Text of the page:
- The Washington Times - Thursday, September 2, 2021

The New York City region awoke Thursday to debris-strewn downtowns, soggy basements and crippled transit after a “historic” overnight downpour from the remnants of Hurricane Ida killed at least eight people.

The storm dropped more than 5 inches of rain in Central Park in a three-hour period Wednesday. Newark, New Jersey, saw 8 inches, making it the wettest day on record.

Eight people ranging in age from 2 to 86 died in New York City, and a man in his 70s died in Passaic, New Jersey, after he was trapped in a car in rising floodwaters.

“This is on par with Hurricane Irene,” Hoboken Mayor Ravi Bhalla told CNN. “I’ve never seen anything like it.”

Mr. Bhalla said the number of 911 calls has been “overwhelming” and parts of the town that typically do not flood were submerged overnight. He asked people to work from home if they can on Thursday.

New York City Mayor Bill de Blasio dubbed it a “historic weather event,” and the Metropolitan Transit Authority warned commuters that service was “extremely limited” Thursday after the city fire department said it rescued “hundreds” from flood roadways and subway stations.

“We’re still uncovering the true depth of the loss,” New York Gov. Kathy Hochul said as she tackles her first major crisis after taking the reins from fellow Democrat Andrew Cuomo.

Senate Majority Leader Charles E. Schumer, New York Democrat, pledged to bring federal aid to the Northeast, akin to Superstorm Sandy.

“That will mean money, money for homeowners and individuals, money for small businesses that may have been lost,” he said. Mr. Schumer joined the chorus of officials saying “global warming is upon us” after two record rainfalls in one week, turning it into a selling point for President Biden’s infrastructure plan in Congress.

New Jersey Democratic Gov. Phil Murphy pleaded with motorists to give workers space as they cleared debris, water and branches from roadways. He toured hard-hit areas like Mullica Hill in southern Gloucester County, where tornadoes wrecked homes.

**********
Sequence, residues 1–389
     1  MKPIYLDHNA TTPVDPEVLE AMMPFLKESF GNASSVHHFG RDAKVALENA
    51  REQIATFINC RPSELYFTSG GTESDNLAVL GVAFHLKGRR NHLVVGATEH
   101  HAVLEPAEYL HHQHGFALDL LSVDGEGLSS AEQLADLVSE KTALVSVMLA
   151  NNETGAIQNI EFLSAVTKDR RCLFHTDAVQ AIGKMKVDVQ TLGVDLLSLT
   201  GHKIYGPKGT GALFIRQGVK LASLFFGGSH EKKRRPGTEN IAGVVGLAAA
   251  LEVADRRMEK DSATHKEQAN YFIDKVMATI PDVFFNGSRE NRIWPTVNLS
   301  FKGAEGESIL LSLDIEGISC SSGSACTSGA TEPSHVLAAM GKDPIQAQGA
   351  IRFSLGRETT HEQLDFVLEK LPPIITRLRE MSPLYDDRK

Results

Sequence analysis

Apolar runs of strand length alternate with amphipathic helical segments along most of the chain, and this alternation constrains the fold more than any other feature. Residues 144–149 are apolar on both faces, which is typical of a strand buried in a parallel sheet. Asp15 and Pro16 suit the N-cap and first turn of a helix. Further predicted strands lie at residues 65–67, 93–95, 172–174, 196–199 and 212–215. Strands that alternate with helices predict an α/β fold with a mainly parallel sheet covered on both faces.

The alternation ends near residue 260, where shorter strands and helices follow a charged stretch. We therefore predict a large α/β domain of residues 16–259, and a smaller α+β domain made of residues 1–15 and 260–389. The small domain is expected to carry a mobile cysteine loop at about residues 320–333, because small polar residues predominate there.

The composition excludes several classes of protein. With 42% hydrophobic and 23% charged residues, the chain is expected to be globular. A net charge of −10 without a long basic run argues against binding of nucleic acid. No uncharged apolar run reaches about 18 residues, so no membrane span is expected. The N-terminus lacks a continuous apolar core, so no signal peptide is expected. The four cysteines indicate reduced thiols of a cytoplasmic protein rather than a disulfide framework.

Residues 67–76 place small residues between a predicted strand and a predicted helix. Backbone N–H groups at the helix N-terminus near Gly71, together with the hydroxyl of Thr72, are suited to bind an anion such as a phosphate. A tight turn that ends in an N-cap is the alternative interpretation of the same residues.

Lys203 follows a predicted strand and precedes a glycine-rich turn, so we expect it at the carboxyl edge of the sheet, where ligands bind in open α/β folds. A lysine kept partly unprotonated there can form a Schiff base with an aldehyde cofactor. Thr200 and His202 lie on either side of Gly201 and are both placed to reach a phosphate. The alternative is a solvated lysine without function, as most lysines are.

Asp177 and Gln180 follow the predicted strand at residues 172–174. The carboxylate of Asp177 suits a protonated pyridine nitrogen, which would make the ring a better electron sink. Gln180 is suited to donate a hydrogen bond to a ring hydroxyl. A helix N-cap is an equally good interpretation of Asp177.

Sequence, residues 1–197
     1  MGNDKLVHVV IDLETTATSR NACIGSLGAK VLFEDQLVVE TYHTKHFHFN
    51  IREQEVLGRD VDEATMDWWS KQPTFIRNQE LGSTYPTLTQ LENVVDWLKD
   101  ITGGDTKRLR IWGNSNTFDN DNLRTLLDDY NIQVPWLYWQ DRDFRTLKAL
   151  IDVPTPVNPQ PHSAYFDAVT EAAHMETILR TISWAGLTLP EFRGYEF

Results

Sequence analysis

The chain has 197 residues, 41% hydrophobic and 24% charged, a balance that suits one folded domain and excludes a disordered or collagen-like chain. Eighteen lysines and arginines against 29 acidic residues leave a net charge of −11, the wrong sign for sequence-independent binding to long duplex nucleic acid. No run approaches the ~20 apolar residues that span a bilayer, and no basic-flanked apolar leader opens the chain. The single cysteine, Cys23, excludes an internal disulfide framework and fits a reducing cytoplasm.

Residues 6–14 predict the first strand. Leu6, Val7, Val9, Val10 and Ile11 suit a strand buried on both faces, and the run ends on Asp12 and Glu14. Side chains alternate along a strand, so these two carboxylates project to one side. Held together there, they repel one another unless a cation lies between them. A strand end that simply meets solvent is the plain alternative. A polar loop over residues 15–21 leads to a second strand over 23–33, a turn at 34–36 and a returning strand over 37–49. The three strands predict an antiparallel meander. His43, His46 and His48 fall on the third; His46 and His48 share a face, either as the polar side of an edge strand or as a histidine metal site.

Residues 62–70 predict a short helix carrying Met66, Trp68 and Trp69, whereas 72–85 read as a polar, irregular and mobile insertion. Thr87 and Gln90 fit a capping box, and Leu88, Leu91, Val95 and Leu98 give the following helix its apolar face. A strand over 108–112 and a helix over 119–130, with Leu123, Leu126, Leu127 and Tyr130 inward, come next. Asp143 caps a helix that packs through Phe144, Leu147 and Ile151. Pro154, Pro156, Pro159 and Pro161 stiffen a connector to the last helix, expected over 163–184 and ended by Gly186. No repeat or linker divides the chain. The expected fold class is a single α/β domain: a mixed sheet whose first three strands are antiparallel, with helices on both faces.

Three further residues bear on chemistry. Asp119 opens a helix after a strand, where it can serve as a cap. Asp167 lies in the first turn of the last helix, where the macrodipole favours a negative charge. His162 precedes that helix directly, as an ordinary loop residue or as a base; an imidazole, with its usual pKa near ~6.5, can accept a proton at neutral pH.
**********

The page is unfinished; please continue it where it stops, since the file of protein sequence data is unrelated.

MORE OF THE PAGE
“This is gonna take us some time to dig out of there’s no question about it,” he said in front of a row of homes defaced by Mother Nature.

“The world is changing. These storms are coming in more frequently,” Mr. Murphy said. “They’re coming in with more intensity.”

New Jersey closed state offices and NJ Transit said all of its rail services, except for the Atlantic City line, remained suspended early Thursday.

Earlier Wednesday, the storm blew through the mid-Atlantic states with at least two tornadoes, heavy winds and drenching rains that collapsed the roof of a U.S. Postal Service building in New Jersey and threatened to overrun a dam in Pennsylvania.

Social media posts showed homes reduced to rubble in a southern New Jersey county just outside Philadelphia, not far from where the National Weather Service confirmed a tornado Wednesday evening. Authorities did not have any immediate information on injuries.

The roof collapsed at the Postal Service building in Kearny, New Jersey, with people inside, police Sgt. Chris Levchak said. Rescue crews were on scene into the night, with no immediate word on the number of people or severity of injuries.

Mr. Murphy, the only governor in the U.S. facing reelection this year, said he planned on Thursday to visits towns that experienced heavy damage.

“There’s a lot of hurt right now in New Jersey, and we’re going to be there for folks,” Mr. Murphy, a Democrat, told ABC’s “Good Morning America.” “It’s going to be a long road to recovery but we’re going to be there with them.”

Utilities reported hundreds of thousands of customers without power in New Jersey and Pennsylvania.

In Rockville, Maryland, water had almost reached the ceilings of basement units Wednesday when crews arrived at an apartment complex. A 19-year-old was found dead, another person was missing and about 200 people from 60 apartments near Rock Creek were displaced, Montgomery County Fire Chief Scott Goldstein said Wednesday.

A tornado was believed to have touched down along the Chesapeake Bay in Maryland.

“In many years I have not seen circumstances like this,” Chief Goldstein said.

The National Weather Service had predicted flooding from what remained of Hurricane Ida, saying steep terrain and even city streets were particularly vulnerable to a band of severe weather that extended to Massachusetts, where tornado warnings were issued early Thursday.

Tropical Storm Henri hit the region a little more than a week ago, causing flooding and leaving the region saturated and more vulnerable to this week’s torrents.

Tropical Storm Larry was strengthening and moving quickly westward after forming off the coast of Africa earlier Wednesday. Forecasters predicted it would rapidly intensify in a manner similar to Ida, becoming a major hurricane with top wind speeds of 120 mph (193 kph) by Saturday.

• This article was based in part on wire service reports.

• Tom Howell Jr. can be reached at thowell@washingtontimes.com.

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